Major investments in airport infrastructure are planned for northern Norway. Here's what you need to know about the potential new airports.
Air travel remains a vital transport link for much of remote Norway, especially in the north of the country. Now two, possibly three, new airports are in the works at and north of the Arctic circle in Norway.
Planned spending of NOK 7.5 billion ($963 million) has been announced for the new airports in Bodø and Mo i Rana, with discussions still ongoing about a major airport for Lofoten.
Bodø is the second largest town in northern Norway and its new airport will come at a price tag of at least NOK 5 billion ($642 million), making it one of the biggest ever construction projects in northern Norway. The twist? It's going to be built just 900 metres from the current airport!
Moving the airport would open up land to create a brand new waterfront residential and commercial district, which would significantly expand the city and change the face of Bodø.
A team of city planning experts from the UN has been in Bodø to study the plans and were very positive. The team said it was rare to have the opportunity to experience the design of a new airport, especially as it gives up space to a brand new residential and commercial area in Bodø. The construction of the new airport is scheduled to start in 2020-21 with the first flights planned for 2024-26.
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The new airport opens up the possibility for a major shift in travel patterns for both passengers and air cargo. As the new runway will be 2,500 metres long, it could handle any current commercial aircraft potentially allowing long-haul flights from Bodø. Whether any airlines would shift operations from other airports to Bodø remains to be seen, of course.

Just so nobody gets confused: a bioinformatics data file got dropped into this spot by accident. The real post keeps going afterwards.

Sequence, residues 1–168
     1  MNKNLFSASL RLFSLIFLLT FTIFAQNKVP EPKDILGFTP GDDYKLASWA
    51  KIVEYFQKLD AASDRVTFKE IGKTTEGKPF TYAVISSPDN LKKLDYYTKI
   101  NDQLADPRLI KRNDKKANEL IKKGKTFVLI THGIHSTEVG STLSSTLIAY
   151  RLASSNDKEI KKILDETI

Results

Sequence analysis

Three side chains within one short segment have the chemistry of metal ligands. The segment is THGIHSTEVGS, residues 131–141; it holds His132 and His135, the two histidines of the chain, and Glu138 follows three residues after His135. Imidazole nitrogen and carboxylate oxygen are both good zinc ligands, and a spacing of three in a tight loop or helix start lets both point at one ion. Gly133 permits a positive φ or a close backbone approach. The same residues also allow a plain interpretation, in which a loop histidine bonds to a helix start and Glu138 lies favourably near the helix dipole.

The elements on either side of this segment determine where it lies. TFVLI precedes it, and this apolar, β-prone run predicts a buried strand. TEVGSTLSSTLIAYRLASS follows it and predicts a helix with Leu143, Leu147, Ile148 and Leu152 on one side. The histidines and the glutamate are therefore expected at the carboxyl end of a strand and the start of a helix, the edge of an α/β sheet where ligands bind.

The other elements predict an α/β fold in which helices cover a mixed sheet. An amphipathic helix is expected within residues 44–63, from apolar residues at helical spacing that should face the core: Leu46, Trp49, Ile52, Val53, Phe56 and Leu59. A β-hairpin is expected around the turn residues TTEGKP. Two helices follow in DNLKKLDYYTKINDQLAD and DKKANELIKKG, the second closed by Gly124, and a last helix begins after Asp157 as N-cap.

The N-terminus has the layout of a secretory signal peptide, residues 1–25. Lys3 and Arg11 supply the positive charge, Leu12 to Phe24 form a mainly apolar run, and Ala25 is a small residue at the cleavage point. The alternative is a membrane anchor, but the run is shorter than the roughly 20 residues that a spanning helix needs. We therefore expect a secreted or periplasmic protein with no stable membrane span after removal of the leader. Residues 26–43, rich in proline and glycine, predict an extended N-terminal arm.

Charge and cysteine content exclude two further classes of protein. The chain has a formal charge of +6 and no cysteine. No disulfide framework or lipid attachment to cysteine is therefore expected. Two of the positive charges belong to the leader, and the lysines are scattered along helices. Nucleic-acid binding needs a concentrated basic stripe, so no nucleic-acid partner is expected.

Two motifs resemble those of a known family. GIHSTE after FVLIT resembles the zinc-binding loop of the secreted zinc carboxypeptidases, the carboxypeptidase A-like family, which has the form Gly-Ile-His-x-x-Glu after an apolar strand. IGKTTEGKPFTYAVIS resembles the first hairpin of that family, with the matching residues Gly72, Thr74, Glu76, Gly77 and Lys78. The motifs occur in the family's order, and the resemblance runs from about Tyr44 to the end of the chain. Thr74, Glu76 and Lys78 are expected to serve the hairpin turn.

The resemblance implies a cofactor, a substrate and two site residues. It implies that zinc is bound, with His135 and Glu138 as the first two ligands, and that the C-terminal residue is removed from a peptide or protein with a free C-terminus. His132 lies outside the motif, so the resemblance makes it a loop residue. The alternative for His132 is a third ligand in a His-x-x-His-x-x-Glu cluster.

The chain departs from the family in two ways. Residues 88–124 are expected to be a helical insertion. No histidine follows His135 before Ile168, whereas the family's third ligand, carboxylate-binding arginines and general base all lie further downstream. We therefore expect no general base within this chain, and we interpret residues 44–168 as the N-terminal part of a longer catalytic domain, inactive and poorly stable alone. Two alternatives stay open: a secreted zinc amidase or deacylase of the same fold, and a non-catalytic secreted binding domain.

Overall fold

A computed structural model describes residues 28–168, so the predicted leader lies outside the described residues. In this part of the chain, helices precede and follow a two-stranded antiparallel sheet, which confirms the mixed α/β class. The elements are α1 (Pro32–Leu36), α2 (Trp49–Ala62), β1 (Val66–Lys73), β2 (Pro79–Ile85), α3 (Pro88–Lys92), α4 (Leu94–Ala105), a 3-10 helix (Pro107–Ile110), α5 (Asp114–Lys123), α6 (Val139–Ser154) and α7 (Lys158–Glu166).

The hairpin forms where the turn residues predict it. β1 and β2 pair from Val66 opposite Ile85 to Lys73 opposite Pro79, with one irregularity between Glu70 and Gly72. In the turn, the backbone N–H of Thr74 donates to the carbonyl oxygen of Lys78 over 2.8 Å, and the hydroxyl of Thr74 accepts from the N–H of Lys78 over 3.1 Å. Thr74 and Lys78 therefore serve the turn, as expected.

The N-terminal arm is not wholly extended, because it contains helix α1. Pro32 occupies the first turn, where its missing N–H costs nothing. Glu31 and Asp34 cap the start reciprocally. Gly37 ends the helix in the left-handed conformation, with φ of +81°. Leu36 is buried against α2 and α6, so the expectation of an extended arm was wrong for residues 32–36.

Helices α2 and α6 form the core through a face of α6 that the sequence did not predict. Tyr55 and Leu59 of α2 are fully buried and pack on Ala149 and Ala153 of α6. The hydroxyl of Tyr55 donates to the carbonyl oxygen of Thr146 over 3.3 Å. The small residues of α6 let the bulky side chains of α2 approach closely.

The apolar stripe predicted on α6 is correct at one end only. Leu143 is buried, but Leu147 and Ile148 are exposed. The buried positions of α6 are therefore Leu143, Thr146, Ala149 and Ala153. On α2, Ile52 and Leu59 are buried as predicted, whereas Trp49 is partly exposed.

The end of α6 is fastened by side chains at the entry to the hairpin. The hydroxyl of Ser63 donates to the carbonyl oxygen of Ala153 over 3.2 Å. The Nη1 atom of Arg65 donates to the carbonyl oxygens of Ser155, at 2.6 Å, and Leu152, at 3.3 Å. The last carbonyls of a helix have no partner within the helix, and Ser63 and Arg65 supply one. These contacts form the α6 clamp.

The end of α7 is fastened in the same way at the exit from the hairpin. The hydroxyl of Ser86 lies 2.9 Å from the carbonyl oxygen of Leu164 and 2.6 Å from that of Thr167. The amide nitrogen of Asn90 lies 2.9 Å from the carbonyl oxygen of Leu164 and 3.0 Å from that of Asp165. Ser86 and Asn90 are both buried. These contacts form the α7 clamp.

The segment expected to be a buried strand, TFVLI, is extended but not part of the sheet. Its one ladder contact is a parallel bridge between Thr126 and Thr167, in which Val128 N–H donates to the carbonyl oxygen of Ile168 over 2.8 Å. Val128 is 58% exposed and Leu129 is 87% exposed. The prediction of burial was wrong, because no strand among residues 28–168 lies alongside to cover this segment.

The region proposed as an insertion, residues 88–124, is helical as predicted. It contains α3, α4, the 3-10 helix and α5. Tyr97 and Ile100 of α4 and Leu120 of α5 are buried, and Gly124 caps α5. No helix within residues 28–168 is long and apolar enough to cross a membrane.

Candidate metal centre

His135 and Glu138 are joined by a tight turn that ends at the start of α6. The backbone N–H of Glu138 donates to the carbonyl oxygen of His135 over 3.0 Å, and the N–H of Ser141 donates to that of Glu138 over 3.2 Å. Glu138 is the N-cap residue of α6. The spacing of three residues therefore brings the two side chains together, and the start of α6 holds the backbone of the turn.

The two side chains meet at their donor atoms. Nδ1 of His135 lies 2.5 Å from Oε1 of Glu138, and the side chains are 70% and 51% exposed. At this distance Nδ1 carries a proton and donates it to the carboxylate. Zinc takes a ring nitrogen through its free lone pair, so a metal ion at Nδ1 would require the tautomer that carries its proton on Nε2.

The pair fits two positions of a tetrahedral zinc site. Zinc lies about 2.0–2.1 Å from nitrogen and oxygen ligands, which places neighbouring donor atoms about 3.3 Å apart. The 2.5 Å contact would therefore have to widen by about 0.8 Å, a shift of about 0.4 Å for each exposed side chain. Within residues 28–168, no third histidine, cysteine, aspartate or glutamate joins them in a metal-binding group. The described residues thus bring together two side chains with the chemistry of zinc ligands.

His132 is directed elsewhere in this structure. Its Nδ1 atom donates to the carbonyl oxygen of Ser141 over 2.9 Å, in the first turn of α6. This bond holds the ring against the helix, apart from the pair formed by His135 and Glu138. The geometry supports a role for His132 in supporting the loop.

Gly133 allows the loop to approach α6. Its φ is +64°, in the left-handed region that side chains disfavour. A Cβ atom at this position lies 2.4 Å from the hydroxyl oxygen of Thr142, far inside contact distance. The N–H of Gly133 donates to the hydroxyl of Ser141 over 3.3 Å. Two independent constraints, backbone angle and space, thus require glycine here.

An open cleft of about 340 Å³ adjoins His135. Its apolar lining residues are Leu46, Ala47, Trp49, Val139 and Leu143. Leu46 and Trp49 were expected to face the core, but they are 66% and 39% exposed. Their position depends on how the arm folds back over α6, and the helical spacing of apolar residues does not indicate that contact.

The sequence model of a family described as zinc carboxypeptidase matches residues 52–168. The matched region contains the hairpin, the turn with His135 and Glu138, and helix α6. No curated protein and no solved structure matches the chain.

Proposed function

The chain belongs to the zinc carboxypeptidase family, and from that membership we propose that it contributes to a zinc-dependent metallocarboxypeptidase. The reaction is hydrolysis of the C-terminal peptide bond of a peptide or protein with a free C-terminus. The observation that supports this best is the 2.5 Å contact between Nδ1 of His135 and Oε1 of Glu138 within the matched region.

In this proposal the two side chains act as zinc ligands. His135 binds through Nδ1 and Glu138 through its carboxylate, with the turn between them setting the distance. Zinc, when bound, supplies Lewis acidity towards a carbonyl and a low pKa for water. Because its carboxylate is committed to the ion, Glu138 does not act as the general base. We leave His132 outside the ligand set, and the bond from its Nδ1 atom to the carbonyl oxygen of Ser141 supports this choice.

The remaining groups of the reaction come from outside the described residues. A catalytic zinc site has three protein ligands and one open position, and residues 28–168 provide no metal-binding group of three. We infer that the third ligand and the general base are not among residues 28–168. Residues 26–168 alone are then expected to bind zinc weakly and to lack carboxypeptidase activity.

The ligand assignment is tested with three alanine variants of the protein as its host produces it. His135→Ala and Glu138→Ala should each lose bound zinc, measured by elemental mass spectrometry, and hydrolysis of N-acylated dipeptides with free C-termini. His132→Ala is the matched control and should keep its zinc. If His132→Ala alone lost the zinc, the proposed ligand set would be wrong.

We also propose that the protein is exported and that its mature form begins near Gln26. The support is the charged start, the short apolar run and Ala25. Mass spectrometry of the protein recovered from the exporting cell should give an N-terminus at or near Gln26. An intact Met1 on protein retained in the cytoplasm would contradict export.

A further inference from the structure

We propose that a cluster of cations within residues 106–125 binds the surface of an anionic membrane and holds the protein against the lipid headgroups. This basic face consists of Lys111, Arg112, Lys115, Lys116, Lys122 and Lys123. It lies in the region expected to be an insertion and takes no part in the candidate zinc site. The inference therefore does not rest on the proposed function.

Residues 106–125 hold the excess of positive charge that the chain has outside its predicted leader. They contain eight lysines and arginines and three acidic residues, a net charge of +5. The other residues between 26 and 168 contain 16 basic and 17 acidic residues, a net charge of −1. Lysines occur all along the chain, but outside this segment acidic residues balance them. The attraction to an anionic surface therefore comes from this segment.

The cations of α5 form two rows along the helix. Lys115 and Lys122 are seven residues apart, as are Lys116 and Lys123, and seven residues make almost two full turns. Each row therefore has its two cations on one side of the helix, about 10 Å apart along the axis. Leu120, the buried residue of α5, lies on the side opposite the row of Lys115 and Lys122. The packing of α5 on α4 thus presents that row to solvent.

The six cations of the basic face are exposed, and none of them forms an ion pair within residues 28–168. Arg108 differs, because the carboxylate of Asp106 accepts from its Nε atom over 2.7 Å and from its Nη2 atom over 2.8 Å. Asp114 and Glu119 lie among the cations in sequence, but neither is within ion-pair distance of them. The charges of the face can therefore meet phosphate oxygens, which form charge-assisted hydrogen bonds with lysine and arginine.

The real win for the region would be with cargo, which will have priority in the new facility. Norway is the world's leading exporter of salmon and seafood, and the new airport would act as a major logistics hub, drastically cutting transport time for the region's seafood producers. Currently, produce is sent via road to Oslo's Gardermoen airport.
The new airport will also be designed to operate electric aircraft, as the owner of most of Norway's airports, Avinor, has said that all domestic commercial flights in Norway will be flown with electric planes by 2040.
Mo i Rana
But Bodø isn't the only northern town with grand plans for a new airport. The proposed Polarsirkelen Airport (Arctic Circle Airport) near the small town of Mo i Rana is located just 109 kilometres from Bodø, although the current distance by road is at least 230 kilometres.
This airport plans include a 2,200-metre runway, which would again allow major aircraft to land. The price tag for the project, which is planned to begin before the end of this year, is an eye-watering NOK 2.24 billion ($288 million).
But we are not finished yet! The Lofoten region has long been talked about as needing a new major airport, but firm plans still seem far away.
Local press have questioned the validity of feasibility studies done by Avinor, who now seem to favour extending the runway at the current Stokmarknes airport, north of Lofoten on the Vesterålen archipelago.
Many local residents also seem opposed to the idea of a major regional airport. Although there are airports on Lofoten at Svolvær and Leknes, they are small and direct flights to Oslo are rare.
As much as a new, bigger airport would better connect the islands to the capital, ti would also see an inevitable increase in tourism, something that many islanders already feel is at its limit.
Whatever happens in Lofoten, northern Norway should soon be more accessible by air than ever before.